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jurisdiction so the mta is not actually regulating in any respect the tncs. >> i really appreciate the thoroughness of the report and how quickly you got it completed as well, so thank you. >> supervisor kim. >> thank you. i just had a quick question. you may not know the answer to this and i'll ask sfm ta if you don't. on the first graph you had put on the extent of required background checks, it says that sfmta looks at the entire adult criminal history. >> correct. >> do you know how they do that? >> yes. so as a government agency the mta is permitted to do fingerprint based criminal backgrounds checks and it goes through, like, a national department of justice database. and tncs as private entities do not have access to that system so they can run checks on
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social security numbers, which provides seven years of history, but not the entire whole criminal history. >> and do you know if sfmta has changed their policy since the enactment of the fair chance ordinance? >> my understanding is their current policy is still checking the entire adult criminal background. >> thank you. >> thank you very much. >> okay. >> mr. chairman, i was just going to thank everyone. i have an appointment that i have to be at and i cannot stay, but i appreciated my colleagues' amendments to the resolution and i would strongly urge, as you consider the last -- i think there's a couple of resolves that are before you to consider -- and i think it's been handed out. it's a two sided sheet that has in red some compromised
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language from what supervisor wiener has proposed and my proposal is to include, i think, supervisor wiener's additional resolution, but to replace the last resolved with the following language, resolve that the san francisco board of supervisors urges the sfmta to develop a plan [inaudible] including the protection of accessible services and enforcement of enhanced safety regulations in cooperation with the california public utilities commission within six months of the passage of this resolution and striking the original language that was proposed. that is my proposed compromise from what supervisor wiener has proposed, but also allowing his resolve to be added in as well. i'm sorry that i cannot stay to kind of hear the discussion of
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this, but i think for the the whereas recommendations, i would say including supervisor wiener's, but not striking the language that is factual that references the budget and legislative analyst's report, for example, and not striking the factual language on tncs and people with disabilities and accessibility, that would be my recommendation. but i'm sorry that i cannot stay for the dialogue from the public or from the body. >> thank you supervisor mar. colleagues, i also, if i may, i did see supervisor kim's minor amendment about the fair chance, which i'm fully supportive of so i've incorporated a version of that. this would be on page 4, line
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10 of my red lined version, wra it says including but not limited to one stringent safety regulation. and then i've added in, stringent safety regulations, including criminal background checks, [inaudible] >> thank you for doing that, chair wiener and thank you to supervisors kim and cohen for making that recommendation as well. >> thank you. supervisor kim. >> thank you. i actually have a [inaudible] 15 minutes ago so i'm not going to be able to stay the entire hearing, but i want to clarify, supervisor mar, you want to keep
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>> page 2, line 19 -- and i'm drawing from -- i believe it's supervisor wiener's version, so page 2, line 19, keep the mention of the budget and legislative analyst's report. it's drawing directly from the report. . and from line 19 through page 3, line 15, so my suggestion is keeping in all that language and not striking it.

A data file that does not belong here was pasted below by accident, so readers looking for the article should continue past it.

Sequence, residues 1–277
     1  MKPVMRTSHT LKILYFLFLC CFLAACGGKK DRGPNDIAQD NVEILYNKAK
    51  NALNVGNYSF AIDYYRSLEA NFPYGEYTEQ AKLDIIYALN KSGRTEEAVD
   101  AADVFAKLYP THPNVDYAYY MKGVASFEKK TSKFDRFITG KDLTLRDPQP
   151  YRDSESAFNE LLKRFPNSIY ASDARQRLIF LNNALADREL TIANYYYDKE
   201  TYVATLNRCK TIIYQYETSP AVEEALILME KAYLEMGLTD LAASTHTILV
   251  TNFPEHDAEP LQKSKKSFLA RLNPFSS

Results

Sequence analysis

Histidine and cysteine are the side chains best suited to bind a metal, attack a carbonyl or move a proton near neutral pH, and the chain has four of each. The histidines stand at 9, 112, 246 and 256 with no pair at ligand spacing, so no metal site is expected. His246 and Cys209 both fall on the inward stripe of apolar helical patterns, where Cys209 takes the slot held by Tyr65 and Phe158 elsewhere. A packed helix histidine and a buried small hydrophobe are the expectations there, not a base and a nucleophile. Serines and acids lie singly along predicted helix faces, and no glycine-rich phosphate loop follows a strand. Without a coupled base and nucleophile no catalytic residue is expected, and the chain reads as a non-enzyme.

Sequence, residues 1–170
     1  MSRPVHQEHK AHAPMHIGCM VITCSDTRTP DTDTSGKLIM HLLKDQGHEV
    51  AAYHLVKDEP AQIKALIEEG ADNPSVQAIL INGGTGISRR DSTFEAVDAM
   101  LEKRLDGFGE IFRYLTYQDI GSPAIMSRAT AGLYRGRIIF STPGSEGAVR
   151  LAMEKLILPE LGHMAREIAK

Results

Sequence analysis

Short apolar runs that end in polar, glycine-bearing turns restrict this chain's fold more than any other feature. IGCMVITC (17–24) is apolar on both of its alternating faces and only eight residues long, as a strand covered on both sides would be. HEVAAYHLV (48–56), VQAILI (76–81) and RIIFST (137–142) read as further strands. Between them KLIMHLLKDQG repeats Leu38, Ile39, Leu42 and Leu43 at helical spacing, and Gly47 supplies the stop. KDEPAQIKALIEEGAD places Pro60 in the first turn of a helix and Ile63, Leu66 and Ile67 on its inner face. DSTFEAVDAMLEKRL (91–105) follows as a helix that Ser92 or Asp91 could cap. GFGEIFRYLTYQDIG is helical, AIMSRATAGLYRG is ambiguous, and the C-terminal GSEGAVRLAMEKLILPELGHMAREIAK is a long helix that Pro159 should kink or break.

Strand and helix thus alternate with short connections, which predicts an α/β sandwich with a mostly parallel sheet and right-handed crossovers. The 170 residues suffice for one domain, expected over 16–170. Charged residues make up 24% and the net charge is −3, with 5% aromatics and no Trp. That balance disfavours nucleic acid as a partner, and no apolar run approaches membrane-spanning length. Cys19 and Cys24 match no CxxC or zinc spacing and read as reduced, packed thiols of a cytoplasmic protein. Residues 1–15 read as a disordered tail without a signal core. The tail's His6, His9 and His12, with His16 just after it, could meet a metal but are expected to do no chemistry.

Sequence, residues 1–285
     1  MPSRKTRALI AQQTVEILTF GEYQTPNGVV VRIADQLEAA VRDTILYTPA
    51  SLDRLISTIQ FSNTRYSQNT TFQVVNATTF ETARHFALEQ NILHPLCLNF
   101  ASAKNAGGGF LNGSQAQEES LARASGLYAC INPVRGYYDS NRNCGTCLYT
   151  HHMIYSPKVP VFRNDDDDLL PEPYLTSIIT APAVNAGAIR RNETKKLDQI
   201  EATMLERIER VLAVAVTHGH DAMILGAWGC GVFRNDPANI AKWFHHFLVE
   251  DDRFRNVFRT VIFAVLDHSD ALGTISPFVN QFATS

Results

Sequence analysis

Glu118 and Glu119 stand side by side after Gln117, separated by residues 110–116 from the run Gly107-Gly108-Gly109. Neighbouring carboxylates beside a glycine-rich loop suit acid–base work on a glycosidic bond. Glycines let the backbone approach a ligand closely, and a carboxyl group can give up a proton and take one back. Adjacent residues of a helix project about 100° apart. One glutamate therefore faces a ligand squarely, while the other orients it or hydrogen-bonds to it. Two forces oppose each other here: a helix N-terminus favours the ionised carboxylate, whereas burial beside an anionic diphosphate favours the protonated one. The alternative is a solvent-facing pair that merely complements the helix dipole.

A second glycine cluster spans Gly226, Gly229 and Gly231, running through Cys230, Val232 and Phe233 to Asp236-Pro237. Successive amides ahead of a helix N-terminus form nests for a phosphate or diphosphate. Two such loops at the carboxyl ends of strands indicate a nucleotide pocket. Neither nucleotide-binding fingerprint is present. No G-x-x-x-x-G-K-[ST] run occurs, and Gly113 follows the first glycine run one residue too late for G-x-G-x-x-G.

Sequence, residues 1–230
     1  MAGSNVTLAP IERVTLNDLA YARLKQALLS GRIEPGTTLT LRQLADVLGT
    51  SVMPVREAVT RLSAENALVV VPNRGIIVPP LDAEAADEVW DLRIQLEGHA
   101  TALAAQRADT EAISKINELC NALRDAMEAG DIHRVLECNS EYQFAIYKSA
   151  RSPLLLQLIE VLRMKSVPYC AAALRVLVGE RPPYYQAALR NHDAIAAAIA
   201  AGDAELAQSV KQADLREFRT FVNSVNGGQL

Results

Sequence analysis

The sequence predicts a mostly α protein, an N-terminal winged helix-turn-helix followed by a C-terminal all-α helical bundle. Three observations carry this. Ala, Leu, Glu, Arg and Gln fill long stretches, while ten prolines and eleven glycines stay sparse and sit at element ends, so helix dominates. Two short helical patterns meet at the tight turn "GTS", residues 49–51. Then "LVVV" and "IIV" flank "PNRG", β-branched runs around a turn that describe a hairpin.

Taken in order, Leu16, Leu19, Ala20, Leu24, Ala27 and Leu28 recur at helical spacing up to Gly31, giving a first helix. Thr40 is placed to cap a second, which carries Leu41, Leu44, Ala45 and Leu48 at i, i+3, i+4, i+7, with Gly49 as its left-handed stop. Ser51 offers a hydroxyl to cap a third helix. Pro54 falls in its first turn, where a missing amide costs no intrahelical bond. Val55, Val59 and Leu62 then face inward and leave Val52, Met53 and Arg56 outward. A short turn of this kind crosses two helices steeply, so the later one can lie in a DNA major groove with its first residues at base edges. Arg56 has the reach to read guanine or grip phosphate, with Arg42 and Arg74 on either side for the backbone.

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>> that's, "driver's and"? >> yes. >> you just want line 15? >> no, page 2, line 19; all the way through page 3, line 15. so keeping all those factual and information into the resolution, but allowing supervisor wiener's additional language to be included. >> okay. >> thank you for clarifying. >> i know that we had, from the mta, kate torn, who's here and been the recently appointed interim taxi and accessible services s director and i wanted to thank her as well. >> thank you. goods afternoon chair wiener and committee members cohen and kim and supervisor mar. excited to be here. i've been on the job a week so
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hit the ground running, or tried to. and i have prepared some comments today and if i go on too long i guess you'll just give me the signal. >> yeah, if you could be extremely brief that will help. >> i've been the para transit manager at the sfmta for 15 years and was recentsly appointed accessibility side of the house and if any questions come up related to that please let me know. i really wanted to position the sfmta's values related to a regulated taxi industry and that there's a public good to having a regulated taxi industry and that we have an interest in maintaining a strong and healthy taxi industry. and we champion that through these values of public safety, good customer service, accessibility and sustainability. and we've heard a lot of comments are the ble report so
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i won't go into the details about public safety, but we know include insurance and vehicle inspections and clearly marked vehicles, drivers training, background checks, et c. we have noticed through our enforcement team that there has been an up tick in violations associated with street hails of non tnc vehicles and non taxi vehicles so this is something we're concerned about. general public drivers picking up street hails. last week in the last few weeks there was a registered sex offender actually found to be trying to pick up a street hail so this is a real concern to us when private vehicles that are not clearly marked are providing services so we know the values of good customer service and non discrimination. all customers are required to be served in the taxi industry, all neighborhoods are required to be served. .